I loaded the frozen roll of Tri-X into my Compact 120 6x9cm camera and gave development with Caffenol another shot.  Since I had pretty bad base fogging on the last roll, this time I used the Caffenol C-H recipe from The Caffenol Cookbook and Bible, recommended for use with faster films. The recipe calls for Potassium Bromide as a restrainer, but somewhere else on the internet I saw a note you could use plain old table salt, just ten times as much. The recipe calls for one gram of KBr so that's not as extreme as it sounds.

The base fogging was a little better.  Here is an old 35mm negative on top, compared to the previous roll on the left, and the new roll on the right.  It still looks like I have a ways to go.  I also think I may be fogging the film a little when I'm loading it.  Several negatives had what looked more like a light leak than overexposure. The next roll I'm going to try to load the camera in the changing bag to make darn sure that's not the problem.  And it is nearly 10 year old film, but it's been in the freezer the whole time.  If I still have a problem with the next roll, I think I'll have to buy a new roll of film to compare it to.

I did get a couple halfway decent shots, but nothing ready for exhibition yet.

I returned to the south kitchen window that had been a major subject when I was using black and white paper negatives.


And, when you can't come up with any other subject matter, a self portrait is always an option.



Monday, February 1, 2016

The Populist: variations sans pattern

What makes the Populist "a camera that anyone can make" is probably the printed pattern, but the basis of the design is the front box with chambers on the side for the film reels, and the back which slides over the front, which makes for a nice, light-tight enclosure.

I've made a couple variations just by measuring the parts out without using a printed pattern. 

I mentioned in the post about the Glenmorangie Evil Cube that Sarah had given me a bottle of scotch for Christmas with the sentiment that she chose it because it looked the most like you could make a pinhole camera out of the box.


Scotch does generally come in some pretty sturdy boxes, and in this case, I really just used it as cardboard with a few folds already in the right place, and of course, I wanted the design on the box to look like it was made for the camera.



The width of a box of Scotch is just greater than the size of a 120 reel, so I added some foamcore spacers to get it right. The other dimension can be adjusted, but there really wasn't enough material to make a 6x9 and keep the pinhole where I wanted it on the design, and I think I've mentioned my inner cheapskate freaking out about only getting 8 pictures out of a role of 120 film, so it's 6x6cm.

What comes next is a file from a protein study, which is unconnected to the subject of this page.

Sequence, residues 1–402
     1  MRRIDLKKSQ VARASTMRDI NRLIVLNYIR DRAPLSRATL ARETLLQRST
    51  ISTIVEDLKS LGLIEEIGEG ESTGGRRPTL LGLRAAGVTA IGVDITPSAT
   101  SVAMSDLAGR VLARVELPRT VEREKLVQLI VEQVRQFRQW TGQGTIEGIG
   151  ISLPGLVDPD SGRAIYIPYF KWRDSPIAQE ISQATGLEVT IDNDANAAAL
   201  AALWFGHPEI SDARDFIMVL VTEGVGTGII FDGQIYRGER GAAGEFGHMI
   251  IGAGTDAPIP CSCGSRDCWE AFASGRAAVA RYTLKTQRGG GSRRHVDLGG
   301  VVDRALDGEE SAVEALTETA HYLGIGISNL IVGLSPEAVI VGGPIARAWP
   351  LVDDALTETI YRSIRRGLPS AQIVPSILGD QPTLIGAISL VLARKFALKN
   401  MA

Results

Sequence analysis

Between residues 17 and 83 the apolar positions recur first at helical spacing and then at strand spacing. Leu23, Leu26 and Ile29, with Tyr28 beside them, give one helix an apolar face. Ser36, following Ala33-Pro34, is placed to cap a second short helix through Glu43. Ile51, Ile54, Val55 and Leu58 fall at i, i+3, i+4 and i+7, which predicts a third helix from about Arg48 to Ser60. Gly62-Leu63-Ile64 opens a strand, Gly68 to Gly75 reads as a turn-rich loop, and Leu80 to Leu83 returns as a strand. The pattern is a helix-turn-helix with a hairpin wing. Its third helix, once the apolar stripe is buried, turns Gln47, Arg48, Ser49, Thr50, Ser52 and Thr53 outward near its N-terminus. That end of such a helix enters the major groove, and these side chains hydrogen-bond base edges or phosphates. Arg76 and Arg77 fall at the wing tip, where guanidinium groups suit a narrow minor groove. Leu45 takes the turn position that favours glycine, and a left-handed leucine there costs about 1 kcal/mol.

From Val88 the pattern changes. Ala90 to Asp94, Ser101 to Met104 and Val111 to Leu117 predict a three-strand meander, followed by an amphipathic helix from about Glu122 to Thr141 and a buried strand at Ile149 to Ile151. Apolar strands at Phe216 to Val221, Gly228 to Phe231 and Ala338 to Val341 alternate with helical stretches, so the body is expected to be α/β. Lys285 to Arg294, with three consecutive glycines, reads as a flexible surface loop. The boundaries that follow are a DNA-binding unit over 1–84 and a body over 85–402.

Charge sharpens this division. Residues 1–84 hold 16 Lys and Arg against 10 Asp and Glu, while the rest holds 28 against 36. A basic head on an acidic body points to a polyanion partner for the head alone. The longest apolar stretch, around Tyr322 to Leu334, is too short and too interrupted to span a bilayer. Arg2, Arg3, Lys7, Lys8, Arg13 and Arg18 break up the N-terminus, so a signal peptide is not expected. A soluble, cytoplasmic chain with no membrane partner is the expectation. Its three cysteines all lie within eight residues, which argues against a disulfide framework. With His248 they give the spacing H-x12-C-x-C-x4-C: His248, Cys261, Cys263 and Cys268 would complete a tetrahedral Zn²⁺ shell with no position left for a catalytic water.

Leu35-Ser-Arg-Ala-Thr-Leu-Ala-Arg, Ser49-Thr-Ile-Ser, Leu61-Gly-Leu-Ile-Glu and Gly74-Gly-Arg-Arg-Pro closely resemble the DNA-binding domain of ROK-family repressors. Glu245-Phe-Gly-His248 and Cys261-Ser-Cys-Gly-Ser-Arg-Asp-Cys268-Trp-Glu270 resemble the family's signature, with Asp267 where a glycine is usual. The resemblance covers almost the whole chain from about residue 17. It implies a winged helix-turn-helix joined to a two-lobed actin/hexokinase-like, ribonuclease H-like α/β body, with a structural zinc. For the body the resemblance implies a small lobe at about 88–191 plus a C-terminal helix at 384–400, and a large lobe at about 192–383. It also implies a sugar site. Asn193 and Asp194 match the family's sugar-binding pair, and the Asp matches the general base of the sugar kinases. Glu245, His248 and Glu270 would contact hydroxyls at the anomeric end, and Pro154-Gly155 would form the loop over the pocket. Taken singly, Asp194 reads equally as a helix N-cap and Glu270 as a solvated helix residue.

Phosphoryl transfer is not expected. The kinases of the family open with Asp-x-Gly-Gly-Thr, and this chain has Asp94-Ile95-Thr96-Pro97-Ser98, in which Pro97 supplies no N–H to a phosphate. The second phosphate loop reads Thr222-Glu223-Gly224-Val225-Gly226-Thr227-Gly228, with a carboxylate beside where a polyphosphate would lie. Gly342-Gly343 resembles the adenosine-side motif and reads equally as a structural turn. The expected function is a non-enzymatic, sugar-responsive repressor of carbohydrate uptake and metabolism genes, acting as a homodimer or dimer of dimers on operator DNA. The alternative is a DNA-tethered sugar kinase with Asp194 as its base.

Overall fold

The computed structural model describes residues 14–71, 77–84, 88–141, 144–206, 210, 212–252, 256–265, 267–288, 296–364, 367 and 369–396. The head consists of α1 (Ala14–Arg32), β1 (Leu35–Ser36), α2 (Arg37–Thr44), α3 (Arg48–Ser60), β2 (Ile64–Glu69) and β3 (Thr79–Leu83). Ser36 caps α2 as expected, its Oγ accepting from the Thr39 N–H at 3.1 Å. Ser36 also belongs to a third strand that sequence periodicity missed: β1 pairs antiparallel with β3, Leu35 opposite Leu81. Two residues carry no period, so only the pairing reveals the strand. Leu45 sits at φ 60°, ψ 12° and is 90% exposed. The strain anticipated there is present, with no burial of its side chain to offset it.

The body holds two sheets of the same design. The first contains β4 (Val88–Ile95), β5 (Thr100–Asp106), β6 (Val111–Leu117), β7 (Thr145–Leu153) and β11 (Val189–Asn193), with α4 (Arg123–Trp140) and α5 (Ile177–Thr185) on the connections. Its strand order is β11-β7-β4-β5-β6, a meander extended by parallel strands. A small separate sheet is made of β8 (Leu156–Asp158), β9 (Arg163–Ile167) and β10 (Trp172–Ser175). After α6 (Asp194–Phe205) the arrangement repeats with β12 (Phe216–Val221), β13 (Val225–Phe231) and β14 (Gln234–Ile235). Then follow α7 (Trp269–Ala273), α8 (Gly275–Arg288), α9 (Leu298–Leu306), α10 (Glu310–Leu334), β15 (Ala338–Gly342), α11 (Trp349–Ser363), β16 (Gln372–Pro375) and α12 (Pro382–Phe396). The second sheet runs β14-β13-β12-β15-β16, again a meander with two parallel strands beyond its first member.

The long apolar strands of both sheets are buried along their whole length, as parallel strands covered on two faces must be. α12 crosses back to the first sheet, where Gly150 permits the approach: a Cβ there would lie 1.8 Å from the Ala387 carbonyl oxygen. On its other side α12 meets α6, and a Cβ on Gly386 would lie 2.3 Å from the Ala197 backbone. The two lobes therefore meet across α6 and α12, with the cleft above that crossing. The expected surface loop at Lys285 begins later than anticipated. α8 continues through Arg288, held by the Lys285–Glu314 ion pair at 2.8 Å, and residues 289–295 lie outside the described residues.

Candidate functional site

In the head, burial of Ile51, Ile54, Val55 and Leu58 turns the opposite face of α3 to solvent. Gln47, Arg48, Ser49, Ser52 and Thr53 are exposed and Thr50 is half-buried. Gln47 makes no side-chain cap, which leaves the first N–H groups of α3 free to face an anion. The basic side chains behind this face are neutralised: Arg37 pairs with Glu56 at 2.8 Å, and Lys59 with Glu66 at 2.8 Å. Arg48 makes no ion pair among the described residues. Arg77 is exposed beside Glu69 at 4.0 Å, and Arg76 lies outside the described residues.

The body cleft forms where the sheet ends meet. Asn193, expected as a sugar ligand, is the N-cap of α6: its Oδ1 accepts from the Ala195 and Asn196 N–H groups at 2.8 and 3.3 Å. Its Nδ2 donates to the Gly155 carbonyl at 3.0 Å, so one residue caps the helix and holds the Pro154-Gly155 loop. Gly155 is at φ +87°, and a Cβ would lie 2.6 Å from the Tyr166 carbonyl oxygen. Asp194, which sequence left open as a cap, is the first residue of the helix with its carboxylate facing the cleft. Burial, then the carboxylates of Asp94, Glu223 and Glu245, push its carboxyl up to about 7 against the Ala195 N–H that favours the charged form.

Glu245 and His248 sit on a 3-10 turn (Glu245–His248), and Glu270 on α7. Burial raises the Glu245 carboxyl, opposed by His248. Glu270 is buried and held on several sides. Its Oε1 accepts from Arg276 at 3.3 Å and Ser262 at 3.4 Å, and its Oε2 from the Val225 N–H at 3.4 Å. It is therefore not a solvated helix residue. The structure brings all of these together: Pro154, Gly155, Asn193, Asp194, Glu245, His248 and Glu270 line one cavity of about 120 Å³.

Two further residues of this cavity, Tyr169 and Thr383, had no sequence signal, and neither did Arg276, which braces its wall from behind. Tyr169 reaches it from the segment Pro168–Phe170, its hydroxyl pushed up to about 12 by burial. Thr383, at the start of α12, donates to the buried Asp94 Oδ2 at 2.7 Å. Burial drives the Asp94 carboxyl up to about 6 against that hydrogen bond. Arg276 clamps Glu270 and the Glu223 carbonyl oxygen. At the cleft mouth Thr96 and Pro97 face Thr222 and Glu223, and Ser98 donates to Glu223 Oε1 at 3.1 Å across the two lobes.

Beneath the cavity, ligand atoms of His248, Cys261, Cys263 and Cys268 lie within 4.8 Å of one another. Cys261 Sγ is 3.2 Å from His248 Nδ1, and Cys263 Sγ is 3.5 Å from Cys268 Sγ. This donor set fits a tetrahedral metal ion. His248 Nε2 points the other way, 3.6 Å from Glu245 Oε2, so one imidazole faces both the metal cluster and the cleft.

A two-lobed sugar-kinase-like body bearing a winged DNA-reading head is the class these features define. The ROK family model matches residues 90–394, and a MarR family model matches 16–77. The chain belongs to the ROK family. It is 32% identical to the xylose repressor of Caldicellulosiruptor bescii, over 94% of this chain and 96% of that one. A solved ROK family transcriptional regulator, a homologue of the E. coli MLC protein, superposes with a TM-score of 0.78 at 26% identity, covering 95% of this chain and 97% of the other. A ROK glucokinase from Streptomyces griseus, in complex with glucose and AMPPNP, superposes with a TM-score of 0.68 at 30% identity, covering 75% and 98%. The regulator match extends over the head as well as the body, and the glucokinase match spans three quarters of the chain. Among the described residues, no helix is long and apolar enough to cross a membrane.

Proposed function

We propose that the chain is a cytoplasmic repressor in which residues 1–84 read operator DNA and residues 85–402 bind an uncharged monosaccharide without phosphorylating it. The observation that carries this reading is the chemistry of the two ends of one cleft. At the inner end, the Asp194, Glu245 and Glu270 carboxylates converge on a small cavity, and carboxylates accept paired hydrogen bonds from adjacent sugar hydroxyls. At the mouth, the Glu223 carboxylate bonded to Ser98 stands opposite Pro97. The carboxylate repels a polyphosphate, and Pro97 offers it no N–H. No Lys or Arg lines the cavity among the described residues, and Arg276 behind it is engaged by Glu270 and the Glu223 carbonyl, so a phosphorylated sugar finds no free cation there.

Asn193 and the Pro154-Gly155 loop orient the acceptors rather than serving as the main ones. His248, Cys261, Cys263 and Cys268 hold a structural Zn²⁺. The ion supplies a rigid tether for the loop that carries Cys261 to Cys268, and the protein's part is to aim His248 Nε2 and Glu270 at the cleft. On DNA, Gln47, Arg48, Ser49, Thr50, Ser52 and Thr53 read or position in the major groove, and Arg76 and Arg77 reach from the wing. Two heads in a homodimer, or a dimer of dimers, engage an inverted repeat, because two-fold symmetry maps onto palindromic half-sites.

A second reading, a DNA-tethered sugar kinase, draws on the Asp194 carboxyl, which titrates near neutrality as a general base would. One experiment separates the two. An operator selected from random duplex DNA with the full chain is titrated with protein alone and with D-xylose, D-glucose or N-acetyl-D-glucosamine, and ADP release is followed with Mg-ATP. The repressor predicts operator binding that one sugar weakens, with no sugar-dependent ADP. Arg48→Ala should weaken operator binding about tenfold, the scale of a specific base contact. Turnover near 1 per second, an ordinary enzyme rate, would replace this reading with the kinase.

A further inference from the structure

The distance to the pinhole was again determined by how much cardboard I had while keeping the design of the box in place, which turned out to be 45mm. I used a .3mm Gilder electron microscope aperture, which is about the ideal size according to Mr. Pinhole.

I used it to photograph a gift I gave to Sarah that Christmas. 


And of me rocking out in the basement.


A couple years later I got it out again to make Worldwide Pinhole Photography Day special, and submitted another variation on one of my favorite themes.


Last summer as part of my renewed interest in larger formats, I again loaded it up and set out to start a series on historic places in Oshkosh.  Here's Oaks Candy, established in 1884.  I had to buy a bunch of candy to justify taking up space in their store for this shot, but that's the price you pay for art.


I've always been fascinated with portrait painting.  The poses required for sketching from life seem like something that could accommodate pinhole exposure times.  A few years ago, my instructional media department inherited a photographic studio very near my office when the Publications department got one built near their main offices in another building.  In my hopes for taking advantage of this, I built this 4.5 x 6 cm camera with a vertical format as it was mounted on the tripod  which is a typical format for a portrait with a 6 cm distance to the pinhole yielding a relatively "normal" perspective to reproduce what a painter would be seeing with their eyes, although still a little wide for what we might consider for lens portraiture.


I never did get the guts to ask anyone to pose for me in the studio, except for that most convenient and cooperative model.


I did use it for a bit in the garden.


With both of these cameras I had problems with the film jamming up about the 9th or 10th frame.  I thought it was because the film reels got out of parallel and bound up, but I've had the film smoothly go through in both at other times, and I never had a problem with the 120 Populist or the Stereo 120 Populist.  I think it might have something to do with not advancing the film far enough on the take-up reel before I put it in the camera.  On subsequent 120 cameras, I've been putting a second winder and some little axle in the bottom of the reel to make sure they remain parallel.

Sometimes problems lead to serendipity though.  When I was working on the Portrait camera I was dealing with the worst personnel conflict of my career and took this face-palm shot just as I had read an email from one of the participants right after I got home from work. (Career advancement tip: Don't email the boss about problems right after work) The camera was in the process of jamming and after a series of aggressive twists just barely getting it to advance, I think it must have squeezed the film so hard it left these red marks on the image which I think enhanced the impression of frustration in the picture. I used it as my Facebook profile picture for about a year.